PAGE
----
Saturday, October 4, 2008

A most venerable artist

Age itself is beauty,
but the murals were great

Attired in a spiffy suit and lime-green vest, Frank Calloway sat in his wheelchair chatting and grasping hands with well-wishers – as much the center of attention as his murals at Friday night’s opening party for the new exhibition at the American Visionary Art Museum.

The trip to Baltimore this week from his home state of Alabama likely was Frank’s biggest adventure, including the first airplane flight for an artist whose folksy works are getting attention amazingly late in life.

Frank is 112 years old, according to records of the Alabama mental health department that has cared for him for more than half a century.

He has no birth certificate as proof (not unusual for rural Deep South African-Americans in the late 1890s) – and you might say he doesn’t look a day over 105 – but if true as the State of Alabama maintains, Frank Calloway would be the second-oldest man in the United States and seventh-oldest in the world.

And there he sat in the main hall of the Baltimore art museum’s new exhibition, “The Marriage of Art, Science & Philosophy,” his Cinemascopic visions all around. Frank’s creations in colored pencil and crayon relate to mathematical computations of his own device, and what he sees in his mind may not be those of others.

At 110, asked what he would like to do, Frank wanted to see the ocean. He had never seen an ocean. So he got the closest thing to an ocean available to a venerable resident of the state’s Alice Kidd psychiatric home: an overnight trip to a beach resort on the Gulf of Mexico. His only mural resulting from the trip shows a paddlewheel boat on the water – a ship that only he saw there.

As far as anyone knows, Frank had never even been on a boat until he got to Baltimore Wednesday, and enjoyed a ride on the harbor water taxi.

He’s been cared for in state institutions since the mid-1950s, said to have been diagnosed as mildly schizophrenic. Experts have said that such a malady would account for his use of vivid colors – like purple for cows – in the murals drawn on long sheets unwound from rolls of wide butcher paper.

His artistic abilities were discovered after the state ended its practice of having patients work in the fields – labor that he long felt gave his life meaning. Art was among the occupational activities that replaced outdoor work, and Frank took to it voraciously.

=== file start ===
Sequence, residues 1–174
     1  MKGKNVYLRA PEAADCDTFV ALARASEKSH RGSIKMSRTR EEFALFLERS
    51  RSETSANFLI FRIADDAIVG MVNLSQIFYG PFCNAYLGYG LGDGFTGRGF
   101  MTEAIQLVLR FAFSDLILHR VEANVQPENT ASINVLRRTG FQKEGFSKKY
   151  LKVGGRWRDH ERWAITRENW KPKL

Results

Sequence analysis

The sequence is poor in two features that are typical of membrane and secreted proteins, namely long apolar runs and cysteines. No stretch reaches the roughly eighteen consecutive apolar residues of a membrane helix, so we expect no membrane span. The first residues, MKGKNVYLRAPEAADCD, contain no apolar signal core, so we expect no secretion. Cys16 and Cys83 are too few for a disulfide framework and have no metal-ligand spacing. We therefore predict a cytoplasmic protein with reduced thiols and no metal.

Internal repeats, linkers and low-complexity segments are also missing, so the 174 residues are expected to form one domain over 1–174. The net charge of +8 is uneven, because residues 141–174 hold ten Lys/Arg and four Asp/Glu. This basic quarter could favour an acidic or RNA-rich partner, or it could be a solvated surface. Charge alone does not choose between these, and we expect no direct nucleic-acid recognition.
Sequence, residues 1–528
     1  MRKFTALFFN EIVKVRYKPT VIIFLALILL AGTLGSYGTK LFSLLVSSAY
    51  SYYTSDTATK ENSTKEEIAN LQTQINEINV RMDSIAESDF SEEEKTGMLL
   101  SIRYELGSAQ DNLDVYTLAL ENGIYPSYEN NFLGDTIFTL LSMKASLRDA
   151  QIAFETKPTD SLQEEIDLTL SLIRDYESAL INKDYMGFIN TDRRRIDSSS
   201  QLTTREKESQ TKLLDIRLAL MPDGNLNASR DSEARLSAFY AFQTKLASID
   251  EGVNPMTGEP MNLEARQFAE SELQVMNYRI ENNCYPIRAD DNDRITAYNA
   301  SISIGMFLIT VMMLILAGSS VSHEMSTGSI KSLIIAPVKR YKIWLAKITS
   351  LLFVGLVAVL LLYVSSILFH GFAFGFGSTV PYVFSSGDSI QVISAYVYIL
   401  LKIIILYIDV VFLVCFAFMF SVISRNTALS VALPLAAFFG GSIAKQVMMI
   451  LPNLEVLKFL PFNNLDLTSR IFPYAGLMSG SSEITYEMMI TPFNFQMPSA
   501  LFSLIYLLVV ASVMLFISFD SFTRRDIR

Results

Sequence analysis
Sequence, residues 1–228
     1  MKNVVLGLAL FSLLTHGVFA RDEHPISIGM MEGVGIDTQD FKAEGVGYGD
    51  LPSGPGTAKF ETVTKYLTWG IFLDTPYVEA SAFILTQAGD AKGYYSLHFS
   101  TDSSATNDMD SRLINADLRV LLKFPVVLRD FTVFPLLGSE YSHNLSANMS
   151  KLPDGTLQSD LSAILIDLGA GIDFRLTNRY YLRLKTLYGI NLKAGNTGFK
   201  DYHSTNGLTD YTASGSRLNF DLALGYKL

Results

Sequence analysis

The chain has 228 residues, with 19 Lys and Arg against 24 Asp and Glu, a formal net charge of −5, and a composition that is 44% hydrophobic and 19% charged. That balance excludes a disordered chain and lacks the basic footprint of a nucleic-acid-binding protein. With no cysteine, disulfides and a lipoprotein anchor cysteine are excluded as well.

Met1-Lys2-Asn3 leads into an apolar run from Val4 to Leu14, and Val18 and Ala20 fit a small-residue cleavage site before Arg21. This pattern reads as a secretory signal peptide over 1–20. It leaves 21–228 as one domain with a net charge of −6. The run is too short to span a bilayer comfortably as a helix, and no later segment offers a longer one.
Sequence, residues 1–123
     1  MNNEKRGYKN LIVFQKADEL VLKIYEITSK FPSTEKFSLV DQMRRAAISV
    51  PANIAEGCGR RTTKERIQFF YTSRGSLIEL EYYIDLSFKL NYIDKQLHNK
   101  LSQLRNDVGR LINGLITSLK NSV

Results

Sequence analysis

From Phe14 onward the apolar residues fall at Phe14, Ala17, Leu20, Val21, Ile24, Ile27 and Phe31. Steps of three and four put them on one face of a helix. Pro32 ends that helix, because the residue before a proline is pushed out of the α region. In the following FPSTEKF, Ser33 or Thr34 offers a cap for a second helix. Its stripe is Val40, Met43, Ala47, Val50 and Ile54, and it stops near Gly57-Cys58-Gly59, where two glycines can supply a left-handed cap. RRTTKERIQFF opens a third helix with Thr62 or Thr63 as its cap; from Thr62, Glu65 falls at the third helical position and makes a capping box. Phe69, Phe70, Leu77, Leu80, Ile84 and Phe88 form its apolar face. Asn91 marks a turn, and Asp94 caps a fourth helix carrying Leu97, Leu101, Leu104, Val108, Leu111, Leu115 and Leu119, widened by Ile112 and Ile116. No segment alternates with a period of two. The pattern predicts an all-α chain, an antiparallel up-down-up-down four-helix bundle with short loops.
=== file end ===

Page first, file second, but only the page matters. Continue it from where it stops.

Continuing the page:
But it was only in the past decade that people started to notice, and there were even sales of some of his artwork – the money helping to pay for personal needs. His murals were exhibited in the state capital, and the state employees telephone directory.

In an era of deinstitutionalization, Frank Calloway might have fit into another environment, but the reality is that the state facility in Tuscaloosa has become his home, and the staff that has long cared for him his only family. A local lawyer was named his personal guardian, to oversee his affairs, and she was part of the entourage that accompanied him to Baltimore.

FAA restrictions notwithstanding, Frank was shown the cockpit by the Southwest Airlines (no rule should be an absolute) and he was awarded a first-flight certificate.

All this at 112.

Simply amazing.

For that matter, so was the work of dozens of other artists chosen by museum founder/curator Rebecca Hoffberger for the exhibition, which runs for nearly a year and is a not-to-miss Baltimore attraction.

And how about: A blog entry that didn’t mention Sarah what’s-her-name. (By the way, I happened on a reference to her in a blog link earlier in the day as “Caribou Barbie.” It’s just too easy, my friends....

Addendum on age

I should, since the theme here was much about a super-centenarian (folks 110 and older), put in a plug for my centenarian Aunt Alice's video on YouTube. Some folks have found it inspiring -- and one left a message saying she left work early because of it! If you like it, mention it to your friends -- Alice is delighted that she has been viewed more than 1,600 times by folks around the world since it was posted just after its recording on her 101st birthday. Here's the link:

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